This is an area I have found totally opaque, no matter how much I read, perhaps because as you say, you see things on both sides of the argument.   I recently posted on a formula where I baked one loaf same day and the second from the same liquid starter formula on the second day.    The tastes were almost identical, however with the retarded loaf with a very faint taste of sour.   So my "experiment" looked at only one variable for sour - overnight retardation vs not - while keeping hydration of the starter (and the loaves) identical.    I was quite surprised to taste so little difference.   I'm very interested to see your results going forward.  -Varda

Mini Oven's picture
Mini Oven

but I bet I could taste which one contained more rye %!  And whether it was fermented longer.   Any takers?

Yerffej's picture
Yerffej

A worthwhile post and I must agree with Paul's comments that there are too many variables here to know exactly what is causing what. 

I have made firm starter doughs with all things being equal except that I baked half  on day one and the other half on day 2 after cold bulk retardation.  I did not detect a difference in the degree of sour but the flavor difference was of night and day proportions with the day 2 loaves being infinitely superior to the day 1 loaves.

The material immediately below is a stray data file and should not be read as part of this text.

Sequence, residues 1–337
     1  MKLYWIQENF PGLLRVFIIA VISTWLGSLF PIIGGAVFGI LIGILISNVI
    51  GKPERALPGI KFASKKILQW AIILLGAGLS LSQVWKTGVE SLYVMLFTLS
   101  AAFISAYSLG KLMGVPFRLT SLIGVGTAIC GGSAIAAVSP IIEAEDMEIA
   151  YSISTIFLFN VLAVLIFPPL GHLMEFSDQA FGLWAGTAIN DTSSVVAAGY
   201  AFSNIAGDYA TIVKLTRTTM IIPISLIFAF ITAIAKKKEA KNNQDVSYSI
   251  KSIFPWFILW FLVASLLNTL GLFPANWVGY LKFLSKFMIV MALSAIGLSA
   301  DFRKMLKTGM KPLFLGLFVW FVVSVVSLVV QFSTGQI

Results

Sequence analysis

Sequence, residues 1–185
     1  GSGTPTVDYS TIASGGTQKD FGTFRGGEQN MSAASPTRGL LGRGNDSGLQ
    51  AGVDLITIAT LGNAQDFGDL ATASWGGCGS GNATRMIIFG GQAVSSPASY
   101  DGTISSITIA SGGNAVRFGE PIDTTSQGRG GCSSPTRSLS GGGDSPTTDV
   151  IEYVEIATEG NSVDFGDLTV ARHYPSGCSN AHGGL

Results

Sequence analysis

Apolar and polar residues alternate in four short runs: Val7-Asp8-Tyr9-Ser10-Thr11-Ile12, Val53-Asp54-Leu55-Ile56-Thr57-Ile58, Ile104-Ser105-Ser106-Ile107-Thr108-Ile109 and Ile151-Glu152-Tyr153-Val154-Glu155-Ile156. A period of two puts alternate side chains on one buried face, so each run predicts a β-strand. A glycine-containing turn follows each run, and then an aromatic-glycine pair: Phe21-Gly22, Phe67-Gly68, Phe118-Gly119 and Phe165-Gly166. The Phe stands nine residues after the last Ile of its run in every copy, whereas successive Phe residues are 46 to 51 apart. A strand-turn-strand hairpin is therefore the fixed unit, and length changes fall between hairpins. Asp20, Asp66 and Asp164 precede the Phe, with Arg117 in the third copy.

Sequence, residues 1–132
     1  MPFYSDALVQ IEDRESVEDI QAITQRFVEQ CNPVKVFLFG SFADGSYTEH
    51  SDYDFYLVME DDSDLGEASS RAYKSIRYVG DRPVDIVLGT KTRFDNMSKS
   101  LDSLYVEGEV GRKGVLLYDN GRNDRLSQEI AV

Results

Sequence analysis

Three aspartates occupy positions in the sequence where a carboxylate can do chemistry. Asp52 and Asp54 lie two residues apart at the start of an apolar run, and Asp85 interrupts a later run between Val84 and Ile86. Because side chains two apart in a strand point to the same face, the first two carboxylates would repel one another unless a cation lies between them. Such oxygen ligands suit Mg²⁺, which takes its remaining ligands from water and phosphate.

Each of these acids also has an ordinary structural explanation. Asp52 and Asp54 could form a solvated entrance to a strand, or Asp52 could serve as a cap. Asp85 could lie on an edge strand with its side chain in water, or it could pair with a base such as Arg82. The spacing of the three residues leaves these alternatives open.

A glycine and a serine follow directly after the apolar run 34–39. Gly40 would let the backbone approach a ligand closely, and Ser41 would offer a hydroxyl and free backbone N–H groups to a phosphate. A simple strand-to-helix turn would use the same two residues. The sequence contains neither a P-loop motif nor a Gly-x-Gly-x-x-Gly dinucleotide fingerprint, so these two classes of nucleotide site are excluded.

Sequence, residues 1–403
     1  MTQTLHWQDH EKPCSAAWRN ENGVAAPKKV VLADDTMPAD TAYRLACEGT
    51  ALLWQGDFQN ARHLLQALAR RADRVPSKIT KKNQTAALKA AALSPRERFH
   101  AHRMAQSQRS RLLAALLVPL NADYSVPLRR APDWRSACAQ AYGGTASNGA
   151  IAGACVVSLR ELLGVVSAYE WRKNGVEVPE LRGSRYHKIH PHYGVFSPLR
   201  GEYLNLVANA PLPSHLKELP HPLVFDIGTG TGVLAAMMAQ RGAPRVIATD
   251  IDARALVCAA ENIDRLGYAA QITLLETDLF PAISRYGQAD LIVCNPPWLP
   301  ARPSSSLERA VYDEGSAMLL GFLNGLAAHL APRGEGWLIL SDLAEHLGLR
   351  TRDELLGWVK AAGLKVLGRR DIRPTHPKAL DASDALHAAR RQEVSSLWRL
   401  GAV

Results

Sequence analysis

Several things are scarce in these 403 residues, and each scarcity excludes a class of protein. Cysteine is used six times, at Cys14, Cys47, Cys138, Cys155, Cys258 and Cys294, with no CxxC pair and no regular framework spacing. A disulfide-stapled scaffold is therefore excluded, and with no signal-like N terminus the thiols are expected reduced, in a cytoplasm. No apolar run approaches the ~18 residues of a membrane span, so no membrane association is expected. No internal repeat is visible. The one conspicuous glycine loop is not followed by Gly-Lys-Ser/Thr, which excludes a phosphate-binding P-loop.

And Mini.........No way am I betting against your taste buds,

Jeff

 

jcking's picture
jcking

Temperature? Curious as to the DDT and bulk ferment temperature?

Jim

Chausiubao's picture
Chausiubao

What is DDT? I'm not familiar with that abbreviation. As for the bulk ferment temperatures, they were both in the low 70s, I can't recall (nor have I records, past the feeling of satisfaction in knowing they were satisfactory if a bit cold).

In either case, the take home point is that the fermentation temperature was acceptable, if below optimum.

jcking's picture
jcking

DDT is desired dough temperature reached at the end of mixing. It can be searched here and is explained in Hamelmans book. Three things to measure/record when evaluating the results of the baking process are time, temperature and hydration. Temperature is measured beginning with ingredients and ending with the finished loaf. Temperature is as important of a factor as time so including temperature factors will result in a more accurate picture of the process. Different fermentation and proofing temperatures will affect yeast and bacterial growth.

Jim

Chausiubao's picture
Chausiubao

Ah, well in that case i was aiming for ~75 F, but got 70-72F for the most part.